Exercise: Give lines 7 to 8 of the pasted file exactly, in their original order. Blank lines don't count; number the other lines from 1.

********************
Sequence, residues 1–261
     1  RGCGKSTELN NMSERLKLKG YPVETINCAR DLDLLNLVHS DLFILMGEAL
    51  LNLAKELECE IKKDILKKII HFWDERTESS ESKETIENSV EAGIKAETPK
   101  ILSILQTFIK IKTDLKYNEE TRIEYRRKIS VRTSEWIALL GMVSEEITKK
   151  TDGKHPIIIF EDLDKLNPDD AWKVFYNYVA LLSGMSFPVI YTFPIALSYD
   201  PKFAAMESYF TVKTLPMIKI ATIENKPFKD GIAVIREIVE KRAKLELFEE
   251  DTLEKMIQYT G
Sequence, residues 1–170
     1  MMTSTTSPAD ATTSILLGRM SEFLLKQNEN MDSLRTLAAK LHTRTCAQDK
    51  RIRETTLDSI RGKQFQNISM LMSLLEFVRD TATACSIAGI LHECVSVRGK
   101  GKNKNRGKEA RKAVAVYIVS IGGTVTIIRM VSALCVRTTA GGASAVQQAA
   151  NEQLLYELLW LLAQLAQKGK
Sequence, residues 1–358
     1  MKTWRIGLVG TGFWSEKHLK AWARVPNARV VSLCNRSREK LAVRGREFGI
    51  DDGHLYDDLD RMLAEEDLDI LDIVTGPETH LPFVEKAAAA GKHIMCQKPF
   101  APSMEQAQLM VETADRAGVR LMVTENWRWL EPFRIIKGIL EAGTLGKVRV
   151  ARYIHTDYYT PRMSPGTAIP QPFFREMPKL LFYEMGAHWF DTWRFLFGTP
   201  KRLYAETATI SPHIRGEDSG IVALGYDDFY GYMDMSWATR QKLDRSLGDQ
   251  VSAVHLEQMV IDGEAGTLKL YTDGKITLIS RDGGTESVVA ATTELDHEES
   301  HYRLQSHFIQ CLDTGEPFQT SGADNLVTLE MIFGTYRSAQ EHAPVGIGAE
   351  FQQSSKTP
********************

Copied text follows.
   251  DTLEKMIQYT G
Sequence, residues 1–170